Gradation is a type of parallelism in which the concept of scale has been included. It is widely used on graphic designs, when there are more than two elements being compared. When a gradual change is made to transform an element into another, we are witnessing a gradation.
- Opposition example in advertising visual rhetoric: it is shown how Lego Bricks boxes have a lesser amount of bricks than Loc Blocs.
- Parallelism example in advertising visual rhetoric: The camel has added power by looking like a cheetah, as does the Volkswagen with the Turbo Diesel Injection.
- Gradation example in advertising visual rhetoric. By Samadhi Yoga.
On visual rhetoric, an anaphora can be seen when an element is repeated multiple times. This repetition can happen inside the design, but it can also mean the repetition of the design itself. For example, Andy Warhol used to do this with his work, to demonstrate that art had stopped being a unique piece of work.
The anadiplosis is a figure of visual rhetoric in which the beginning and the end are represented in the same scene. In general, the dimension of time is needed to use this figure, which is why it is more common on movies and fairly uncommon on static images. However, there are static images that use anadiplosis, and that can be a very strong resource; such as the Ouroboros (the snake that bites its own tail).
This one is a fairly common figure in visual rhetoric. It is about exaggerating certain features in an unrealistic or deliberate way, in order to make a more direct statement. A good example of this is the one on the Tubrica ad, in which an elephant can be seen walking over one of the company’s products: a pipe. Here, the hyperbole is used to show the pipe’s resistance, by being able to stand an elephant walking over it. Iveco uses a similar resource with its tow, showing it’s capable of carrying anything necessary, even a heavy elephant.
Borrowing / Appropiation.
It is a borrowing when the style or the work of a different artist is used in order to make a statement. For example, Marcel Duchamp’s parody of the Mona Lisa is a borrowing; actually, it is “appropriation”.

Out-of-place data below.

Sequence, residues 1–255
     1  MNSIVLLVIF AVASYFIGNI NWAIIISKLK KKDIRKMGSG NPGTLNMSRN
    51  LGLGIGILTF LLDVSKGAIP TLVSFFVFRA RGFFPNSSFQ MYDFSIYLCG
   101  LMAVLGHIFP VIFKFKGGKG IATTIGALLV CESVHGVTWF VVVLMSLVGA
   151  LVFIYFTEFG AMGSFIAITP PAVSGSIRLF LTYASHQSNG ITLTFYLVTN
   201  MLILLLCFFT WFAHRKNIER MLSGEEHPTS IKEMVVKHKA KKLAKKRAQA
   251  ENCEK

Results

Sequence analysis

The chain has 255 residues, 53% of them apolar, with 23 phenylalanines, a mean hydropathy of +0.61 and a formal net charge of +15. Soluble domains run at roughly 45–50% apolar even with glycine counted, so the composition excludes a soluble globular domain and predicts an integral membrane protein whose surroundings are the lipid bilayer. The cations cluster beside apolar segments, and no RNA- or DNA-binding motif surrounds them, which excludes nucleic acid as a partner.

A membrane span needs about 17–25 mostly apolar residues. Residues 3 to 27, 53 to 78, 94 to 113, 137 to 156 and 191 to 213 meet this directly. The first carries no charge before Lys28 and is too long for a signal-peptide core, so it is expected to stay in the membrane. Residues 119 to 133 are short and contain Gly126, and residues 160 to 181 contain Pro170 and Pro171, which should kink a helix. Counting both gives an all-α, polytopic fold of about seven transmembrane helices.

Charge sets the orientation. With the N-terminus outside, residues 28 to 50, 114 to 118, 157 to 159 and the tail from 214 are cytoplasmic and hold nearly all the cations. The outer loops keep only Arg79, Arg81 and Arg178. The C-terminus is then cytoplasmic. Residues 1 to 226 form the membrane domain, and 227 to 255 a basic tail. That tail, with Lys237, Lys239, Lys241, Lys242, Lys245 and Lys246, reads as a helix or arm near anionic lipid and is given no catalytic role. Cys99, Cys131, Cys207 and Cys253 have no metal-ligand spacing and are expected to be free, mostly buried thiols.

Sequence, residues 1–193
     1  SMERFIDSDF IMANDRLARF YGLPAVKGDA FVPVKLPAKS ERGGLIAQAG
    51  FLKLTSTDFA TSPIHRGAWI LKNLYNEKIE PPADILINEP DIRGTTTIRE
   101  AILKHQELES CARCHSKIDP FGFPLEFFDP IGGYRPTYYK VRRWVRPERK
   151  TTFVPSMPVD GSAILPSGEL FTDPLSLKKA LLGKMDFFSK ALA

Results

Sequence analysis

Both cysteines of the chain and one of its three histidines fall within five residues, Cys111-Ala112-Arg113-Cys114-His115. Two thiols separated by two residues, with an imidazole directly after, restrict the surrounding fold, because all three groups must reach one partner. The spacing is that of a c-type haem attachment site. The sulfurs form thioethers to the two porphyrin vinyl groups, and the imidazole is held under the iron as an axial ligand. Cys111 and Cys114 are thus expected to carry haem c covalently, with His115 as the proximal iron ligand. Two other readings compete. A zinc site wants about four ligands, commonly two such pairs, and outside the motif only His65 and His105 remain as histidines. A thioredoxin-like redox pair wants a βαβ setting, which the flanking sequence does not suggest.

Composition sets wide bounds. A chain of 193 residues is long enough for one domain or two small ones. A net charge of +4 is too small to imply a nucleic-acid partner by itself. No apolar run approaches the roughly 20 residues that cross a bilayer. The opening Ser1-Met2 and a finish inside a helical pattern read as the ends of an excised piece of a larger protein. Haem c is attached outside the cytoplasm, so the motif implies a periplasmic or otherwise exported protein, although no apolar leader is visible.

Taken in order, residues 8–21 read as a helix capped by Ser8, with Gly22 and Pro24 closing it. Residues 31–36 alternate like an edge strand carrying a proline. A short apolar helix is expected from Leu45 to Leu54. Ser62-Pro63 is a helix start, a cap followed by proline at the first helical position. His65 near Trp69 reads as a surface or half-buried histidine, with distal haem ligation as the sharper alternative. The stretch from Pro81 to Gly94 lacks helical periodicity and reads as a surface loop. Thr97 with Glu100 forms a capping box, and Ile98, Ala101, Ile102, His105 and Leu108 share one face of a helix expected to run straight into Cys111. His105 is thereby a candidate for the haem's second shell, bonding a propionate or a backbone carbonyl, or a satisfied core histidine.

Deleting an element that can strongly change the picture’s meaning is an ellipsis. The example María Acaso shows us is that of the elimination of a face’s features. The example shows a picture with an empty face: it doesn’t have a nose, nor does it have neither lips nor eyes, changing the meaning of the face shown to us by eliminating these crucial features.
- Anaphora example in advertising visual rhetoric. By Prada.
- Anadiplosis example in advertising visual rhetoric: Where it starts, it ends. Recycling symbol, poster made by Anton Shlyonkin.
- Hyperbole example in advertising visual rhetoric. Cheez-It Ad.
Visual Rhetoric: Conclusions and final comments.
Visual rhetoric is widely used in ads, graphic design, art and photography. Without a doubt, it is a powerful tool to communicate concepts in a creative way, and it is always a good thing to study for a second and a third time the different figures of speech to give ourselves ideas on how to transmit a concept.
We have to remember, however, that visual rhetoric is a heritage from the world of literature and oral language; which is why it wouldn’t be a bad thing that a creator of images was also a passionate reader. Figures of speech can give us ideas on how to visually represent things; imagination is also unraveled when reading literature, which is why my advice is to read works of literature that contain lots of figures of speech if you’re feeling with little to no imagination.
Finally, it is important to add that the thirteen visual rhetoric techniques mentioned above are not the only ones that exist, and many of them can happen all at once, together, on a single picture. Since it is indeed a complex subject, it is important to keep studying figures of speech and to deepen your knowledge even more.
Also, if you want to check out an artist who constantly uses visual rhetoric on her photographs, I strongly recommend you to see Brooke Shaden’s work. You can also check out my fine art gallery to see how I’ve used visual rhetoric in my own body of work.
If you enjoyed this article, or you have any doubts, you’re welcome to write down a comment. I always enjoy answering!
María Acaso (2006). El Lenguaje Visual. Barcelona, Buenos Aires, México: Paidós.
- Borrowing / Appropriation example in advertising visual rhetoric. By Lipton.
- Elipsis example in advertising visual rhetoric: Key letters were deleted in order to deliver the message. Ad by J&B Scotch Whisky.
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yuliana guédez forgiarini
I’m interested on international and individual concepts related to human beings. Naufragia is my open diary with an emphasis on photography, design and art, as well as humanist investigation. I search and dive deep in every project until I reach its soul. I’m open for commissions and good conversations. Want to join my adventures?